A. Rather than telepresence by itself, I am more interested in what I call co-existence, or co-presence. Co-presence in different spaces is one of the fundamental aspects of modern and informational societies. You are driving a car while talking on a cell phone; you are “telepresent” in different locations via Web cams; you are walking through the airport while checking your Palm Pilot. One constant in all these examples is the body present in a particular physical space; another space can take a variety of different forms. In the first example, it is a “virtual” space of a conversation between two remote parties; in the second example, it is “visual” presence in a remote space; and in the third example, it is the space of information. (Of course, we can also add another example of multi-tasking, that is, working with different programs and different windows on a computer – thus being in a number of various information spaces at once.)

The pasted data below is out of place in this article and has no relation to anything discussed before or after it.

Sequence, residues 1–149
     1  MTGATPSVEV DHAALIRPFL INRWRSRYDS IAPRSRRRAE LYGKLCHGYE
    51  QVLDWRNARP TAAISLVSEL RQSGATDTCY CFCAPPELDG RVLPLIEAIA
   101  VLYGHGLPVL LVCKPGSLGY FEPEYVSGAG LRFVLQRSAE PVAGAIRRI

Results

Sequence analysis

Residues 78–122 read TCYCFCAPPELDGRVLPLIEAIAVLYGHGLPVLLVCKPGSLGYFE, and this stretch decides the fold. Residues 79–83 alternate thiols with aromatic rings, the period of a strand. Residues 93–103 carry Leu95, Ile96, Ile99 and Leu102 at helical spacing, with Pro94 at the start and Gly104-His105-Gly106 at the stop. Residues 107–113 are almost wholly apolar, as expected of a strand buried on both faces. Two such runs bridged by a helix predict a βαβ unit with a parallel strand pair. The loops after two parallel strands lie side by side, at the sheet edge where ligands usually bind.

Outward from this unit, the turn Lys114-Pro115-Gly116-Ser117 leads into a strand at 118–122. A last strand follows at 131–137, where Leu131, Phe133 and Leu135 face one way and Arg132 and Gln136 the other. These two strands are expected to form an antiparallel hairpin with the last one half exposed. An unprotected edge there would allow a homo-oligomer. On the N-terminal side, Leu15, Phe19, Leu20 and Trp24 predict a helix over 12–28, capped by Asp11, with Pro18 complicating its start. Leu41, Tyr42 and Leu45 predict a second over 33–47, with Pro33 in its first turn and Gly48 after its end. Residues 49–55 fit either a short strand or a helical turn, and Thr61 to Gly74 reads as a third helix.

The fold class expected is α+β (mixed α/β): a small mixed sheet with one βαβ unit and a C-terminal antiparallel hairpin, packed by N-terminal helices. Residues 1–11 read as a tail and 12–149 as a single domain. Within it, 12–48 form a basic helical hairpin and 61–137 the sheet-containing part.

It may be interesting to relate this everyday modern experience of co-presence to the lack of synesthetic and montage sensibility in modern art, which I already mentioned in answering your first question (see above). That is, when I look at various recent video installations, for instance works by Doug Aitken such as Electric Earth, I do not see any montage relationships. Rather, in this installation different video screens are co-present. You look at one screen, then you move to look at another screen, etc.
Montage was the dominant aesthetic technique of the twentieth century because people have experience co-existence of different images, or spaces, or, more generally realities, as a shock. Today, however, we are completely used to it, both when different images meet on a single screen or layout (in television, print media, advertising) and when we ourselves are co-present in different spaces (as in my examples above). In other words, we take it for granted that we can be in different spaces at once. I think that art has an important task to problematise this experience. So I am interested in what can be called aesthetics of co-presence – the relationships that can be set up between different spaces. Notice that we are neither talking about VR (the aesthetics of virtual space) nor about “the relationship between physical and virtual space” which was a popular topic about five years ago. For me, it is not about one space or two spaces, but about many spaces at once, which can be physical or virtual or any combination of the two.